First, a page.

A community-based and family-centered care approach for stroke survivors in Wuhan city of China (Part I)

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A community-based and family-centered care approach for stroke survivors in Wuhan city of China (Part I)

 

Author: Li, Sijian
Title: A community-based and family-centered care approach for stroke survivors in Wuhan city of China (Part I)
Degree: Ph.D.
Year: 2005
Subject: Hong Kong Polytechnic University -- Dissertations.
Cerebrovascular disease -- Patients -- Home care -- China -- Wuhan.
Cerebrovascular disease -- Patients -- Care -- China -- Wuhan.
Department: School of Nursing
Pages: 2 v. : ill. ; 30 cm.
Language: English
InnoPac Record: http://library.polyu.edu.hk/record=b1896750
URI: http://theses.lib.polyu.edu.hk/handle/200/1977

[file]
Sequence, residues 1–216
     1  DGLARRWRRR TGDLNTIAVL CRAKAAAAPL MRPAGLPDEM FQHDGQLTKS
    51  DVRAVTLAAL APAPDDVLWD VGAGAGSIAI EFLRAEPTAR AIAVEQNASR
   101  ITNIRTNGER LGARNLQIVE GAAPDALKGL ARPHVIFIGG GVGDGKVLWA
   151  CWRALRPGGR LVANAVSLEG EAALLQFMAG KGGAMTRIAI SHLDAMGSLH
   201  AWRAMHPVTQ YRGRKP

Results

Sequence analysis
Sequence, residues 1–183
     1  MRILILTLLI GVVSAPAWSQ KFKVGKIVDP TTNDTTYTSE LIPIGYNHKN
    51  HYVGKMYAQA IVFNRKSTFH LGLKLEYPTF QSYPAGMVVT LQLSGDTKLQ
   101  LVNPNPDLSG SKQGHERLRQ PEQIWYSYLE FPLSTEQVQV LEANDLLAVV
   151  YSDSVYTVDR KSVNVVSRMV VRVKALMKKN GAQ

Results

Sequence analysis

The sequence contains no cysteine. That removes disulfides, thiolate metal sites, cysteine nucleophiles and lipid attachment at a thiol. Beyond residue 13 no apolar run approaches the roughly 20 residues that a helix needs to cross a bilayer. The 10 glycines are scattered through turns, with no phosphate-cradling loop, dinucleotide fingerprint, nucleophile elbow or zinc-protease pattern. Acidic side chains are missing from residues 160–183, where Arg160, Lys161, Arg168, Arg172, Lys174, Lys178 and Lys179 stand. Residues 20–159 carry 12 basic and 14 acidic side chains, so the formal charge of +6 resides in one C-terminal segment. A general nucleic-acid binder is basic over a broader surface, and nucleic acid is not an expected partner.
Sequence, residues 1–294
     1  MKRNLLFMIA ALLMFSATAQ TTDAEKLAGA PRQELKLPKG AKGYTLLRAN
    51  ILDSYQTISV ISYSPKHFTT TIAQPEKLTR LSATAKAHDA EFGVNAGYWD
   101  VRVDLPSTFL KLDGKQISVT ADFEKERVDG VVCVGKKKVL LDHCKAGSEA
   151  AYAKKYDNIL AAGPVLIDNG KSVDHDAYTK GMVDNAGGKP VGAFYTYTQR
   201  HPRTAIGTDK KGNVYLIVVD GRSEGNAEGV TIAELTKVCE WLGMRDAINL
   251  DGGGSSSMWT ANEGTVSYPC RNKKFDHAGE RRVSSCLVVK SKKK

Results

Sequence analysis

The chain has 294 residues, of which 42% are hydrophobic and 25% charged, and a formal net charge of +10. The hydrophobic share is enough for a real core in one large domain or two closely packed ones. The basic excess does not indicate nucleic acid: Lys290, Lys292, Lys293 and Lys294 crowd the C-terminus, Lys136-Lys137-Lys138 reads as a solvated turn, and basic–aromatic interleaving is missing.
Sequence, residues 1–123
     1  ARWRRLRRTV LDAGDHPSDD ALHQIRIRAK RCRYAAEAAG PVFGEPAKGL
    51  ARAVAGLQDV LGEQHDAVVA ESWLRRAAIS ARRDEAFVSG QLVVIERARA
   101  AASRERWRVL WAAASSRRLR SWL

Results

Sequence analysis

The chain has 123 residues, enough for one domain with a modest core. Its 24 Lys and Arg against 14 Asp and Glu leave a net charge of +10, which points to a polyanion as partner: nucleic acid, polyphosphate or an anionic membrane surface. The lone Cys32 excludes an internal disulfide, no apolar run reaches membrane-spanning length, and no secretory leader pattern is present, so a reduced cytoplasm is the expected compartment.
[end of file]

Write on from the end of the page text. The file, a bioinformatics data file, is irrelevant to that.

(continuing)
Abstract: Stroke is a leading cause of residual disability. Many stroke survivors have to be dependent on their family members, leading to increasing burdens of care after discharge home. This study aimed to explore the kinds of care issues encountered by families living with stroke in Wuhan, China, the different ways in which they deal with these issues, and how such differences impact on the well-being of the families. Yin's multiple-case (embedded) study design was used. Underpinning this inquiry process was replication logic, in which each family was seen as a single case analogous to a single experiment, and multiple cases were analogous to replicating the study in different families. A protocol that materialized the study proposition was used to guide data collection. The embedded units within each case comprised stroke-related disability, care issues, perceived burdens, coping resources and caring work. The case study was conducted prospectively, so that each family was visited at four time points over a period of six months after discharge. Cases were selected according to the predicted patterns based on the proposition. Eighteen families, including both stroke survivors and their family caregivers, were recruited from three comprehensive hospitals in Wuhan city. Data collection began when the stroke survivors were due to be discharged, and thereafter at one week, one month, three months and six months after discharge, in the survivors' homes. Multiple sources of data were collected over time, including demographic and socio-economic data, the Short Portable Mental Status Questionnaire (SPMSQ), the Barthel Index (ADLs), the Instrumental Activities of Daily Living (I-ADL), the Self Evaluation of General Health (SEGH) and The Center for Epidemiologic Studies Depression Scale (CES-D). At each home visit, field observations and semi-structured interviews with the stroke survivors and family caregivers were conducted. A pilot study of two cases was conducted to refine the study protocol prior to the main study of 18 families. Overall analysis revealed that optimal family well-being was characterized by (a) mobilization of positive personal coping resources in dealing with stroke-related disability and daily care hassles, (b) realignment of personal competence in activities of daily living, (c) harmonization of intra-familial relationship, and (d) active and proactive management of care issues. Families who failed in part or in whole to maintain these four features were considered as having functional or dysfunctional well-being. Of the 18 families, seven were able to maintain optimal family well-being and one remained functional during the study period. Ten families had their family well-being changed over time, with eight families experiencing negative change and two families positive change. The results are informative in enabling nurses to derive culturally-sensitive and community-based care strategies to help families living with stroke in Wuhan, China.

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